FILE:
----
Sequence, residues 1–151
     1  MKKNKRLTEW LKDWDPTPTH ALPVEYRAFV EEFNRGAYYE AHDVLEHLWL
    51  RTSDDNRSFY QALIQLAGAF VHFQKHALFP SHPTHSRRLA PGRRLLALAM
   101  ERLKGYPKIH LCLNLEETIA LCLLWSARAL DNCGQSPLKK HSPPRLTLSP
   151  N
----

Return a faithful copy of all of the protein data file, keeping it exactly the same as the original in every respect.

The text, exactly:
Sequence, residues 1–151
     1  MKKNKRLTEW LKDWDPTPTH ALPVEYRAFV EEFNRGAYYE AHDVLEHLWL
    51  RTSDDNRSFY QALIQLAGAF VHFQKHALFP SHPTHSRRLA PGRRLLALAM
   101  ERLKGYPKIH LCLNLEETIA LCLLWSARAL DNCGQSPLKK HSPPRLTLSP
   151  N